There’s a major spread in today’s ‘Sunday Tribune’ – and in quite a few other newspapers – recalling the death of Lord Mountbatten at the hands of the IRA on 27 August, 1979. Mountbatten was holidaying in Mullaghmore, Co Donegal, when the IRA blew up the boat containing him and a number of other people. He was 79 when he died.
Mountbatten was the son of Prince Louis of Battenberg and his wife Princess Victoria of Hesse; when Prince Louis in 1917 changed his name to Louis Mountbatten (less German-sounding), his son got the same new name. He was a cousin of Queen Elizabeth and was much admired by Prince Charles, who was deeply upset by his death.
Mountbatten had a long military career. He masterminded the infamous Dieppe raid during the Second World War, which resulted in the loss of 106 Allied aircraft and the killing, wounding or capturing of nearly 60% of the Allied forces. He was also the last British Viceroy in India, and much of the loss of life that followed partition of that country is laid at Mountbatten’s door. His personal life was notorious for the affairs both he and his wife enjoyed, with Mountbatten widely rumoured to have had liaisons with lovers of both sexes. His killing is commonly referred to as his ‘murder’ and 23 November 1979, Thomas McMahon was convicted for his part in the explosion that killed Mountbatten. A memorial service was held for him shortly after his death in St. Patrick’s Cathedral in Dublin. It was attended by many prominent personalities, including the president of Ireland, Patrick Hillery and the Taoiseach, Jack Lynch.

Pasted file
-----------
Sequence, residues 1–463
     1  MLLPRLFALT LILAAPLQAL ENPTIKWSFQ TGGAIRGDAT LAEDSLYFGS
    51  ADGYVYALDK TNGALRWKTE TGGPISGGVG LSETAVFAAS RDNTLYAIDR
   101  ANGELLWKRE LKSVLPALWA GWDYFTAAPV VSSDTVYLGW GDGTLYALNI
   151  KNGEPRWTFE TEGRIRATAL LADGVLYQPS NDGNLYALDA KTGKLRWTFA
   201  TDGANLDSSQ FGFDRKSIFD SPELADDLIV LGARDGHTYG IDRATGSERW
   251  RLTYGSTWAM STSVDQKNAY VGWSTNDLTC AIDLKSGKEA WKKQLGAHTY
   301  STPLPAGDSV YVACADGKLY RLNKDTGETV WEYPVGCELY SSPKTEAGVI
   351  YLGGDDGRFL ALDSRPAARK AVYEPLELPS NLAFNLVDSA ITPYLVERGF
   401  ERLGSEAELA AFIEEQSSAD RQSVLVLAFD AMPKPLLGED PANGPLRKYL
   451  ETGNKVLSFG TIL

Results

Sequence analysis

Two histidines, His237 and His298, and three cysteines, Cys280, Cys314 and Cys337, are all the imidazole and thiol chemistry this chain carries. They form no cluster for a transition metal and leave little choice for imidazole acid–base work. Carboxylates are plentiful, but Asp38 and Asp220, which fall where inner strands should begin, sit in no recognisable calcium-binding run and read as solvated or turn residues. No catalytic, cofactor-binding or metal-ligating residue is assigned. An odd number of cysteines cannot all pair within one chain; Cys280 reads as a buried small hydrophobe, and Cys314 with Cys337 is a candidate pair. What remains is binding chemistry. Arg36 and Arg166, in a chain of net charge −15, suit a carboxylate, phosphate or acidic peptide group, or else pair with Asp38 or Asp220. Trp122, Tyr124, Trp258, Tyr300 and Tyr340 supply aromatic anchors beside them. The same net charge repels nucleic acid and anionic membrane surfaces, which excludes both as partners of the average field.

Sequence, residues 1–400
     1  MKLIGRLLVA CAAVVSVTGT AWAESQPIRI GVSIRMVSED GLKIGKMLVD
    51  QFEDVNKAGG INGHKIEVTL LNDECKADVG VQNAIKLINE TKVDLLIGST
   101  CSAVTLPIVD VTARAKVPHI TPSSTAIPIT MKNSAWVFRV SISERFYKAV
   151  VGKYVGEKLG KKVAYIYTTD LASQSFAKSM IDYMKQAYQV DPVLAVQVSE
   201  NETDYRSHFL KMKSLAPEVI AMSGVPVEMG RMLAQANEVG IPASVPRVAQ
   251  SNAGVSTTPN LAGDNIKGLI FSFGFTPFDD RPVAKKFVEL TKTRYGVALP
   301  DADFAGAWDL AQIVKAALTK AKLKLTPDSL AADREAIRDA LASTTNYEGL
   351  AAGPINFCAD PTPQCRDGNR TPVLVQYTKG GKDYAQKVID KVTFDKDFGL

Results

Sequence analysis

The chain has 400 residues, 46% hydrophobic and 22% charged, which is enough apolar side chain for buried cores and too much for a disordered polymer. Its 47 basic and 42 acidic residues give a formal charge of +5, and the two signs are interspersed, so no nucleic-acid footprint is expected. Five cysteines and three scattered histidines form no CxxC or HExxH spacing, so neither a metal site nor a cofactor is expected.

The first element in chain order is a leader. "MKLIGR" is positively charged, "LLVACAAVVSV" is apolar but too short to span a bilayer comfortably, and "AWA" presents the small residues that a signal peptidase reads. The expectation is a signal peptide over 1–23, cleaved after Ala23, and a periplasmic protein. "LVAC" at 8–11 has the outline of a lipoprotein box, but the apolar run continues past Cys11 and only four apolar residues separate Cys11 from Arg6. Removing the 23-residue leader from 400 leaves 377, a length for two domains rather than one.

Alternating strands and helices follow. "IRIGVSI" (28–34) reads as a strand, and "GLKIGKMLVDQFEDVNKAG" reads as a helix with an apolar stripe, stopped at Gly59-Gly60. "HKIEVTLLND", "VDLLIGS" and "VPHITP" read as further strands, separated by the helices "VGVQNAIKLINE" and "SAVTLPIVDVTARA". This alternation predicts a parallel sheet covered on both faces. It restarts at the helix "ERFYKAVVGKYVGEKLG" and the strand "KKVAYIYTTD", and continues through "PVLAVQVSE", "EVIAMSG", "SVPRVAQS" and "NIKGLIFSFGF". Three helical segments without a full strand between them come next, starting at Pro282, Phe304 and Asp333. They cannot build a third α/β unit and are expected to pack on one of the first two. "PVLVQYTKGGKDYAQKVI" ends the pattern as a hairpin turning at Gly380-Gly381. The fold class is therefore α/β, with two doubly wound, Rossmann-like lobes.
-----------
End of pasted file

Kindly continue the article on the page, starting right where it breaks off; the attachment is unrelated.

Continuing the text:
Julie Livingstone was from Lenadoon in West Belfast. She was the youngest of a family of thirteen and on 13 May 1981 she was on the way to the local shops with her friend Norah. She was killed when a plastic bullet fired from a distance of five metres by a member of the British Army’s Prince of Wales Regiment struck her on the head.Eye-witnesses say there was no rioting going on. She was 14 at the time. Her friend Norah said Julie had planned to go to America when she was 18 and that she had planned to go with her. No one was charged with Julie’s killing and neither the president of Ireland nor the Taoiseach attended her funeral or any memorial service for her.
There are unkind people who say that Lord Louis Mountbatten received at the hands of the IRA no more than he had meted out to thousands of others throughout his life. There are even unkinder people who will tell you that in terms of our Troubles, there is no hierarchy of victims.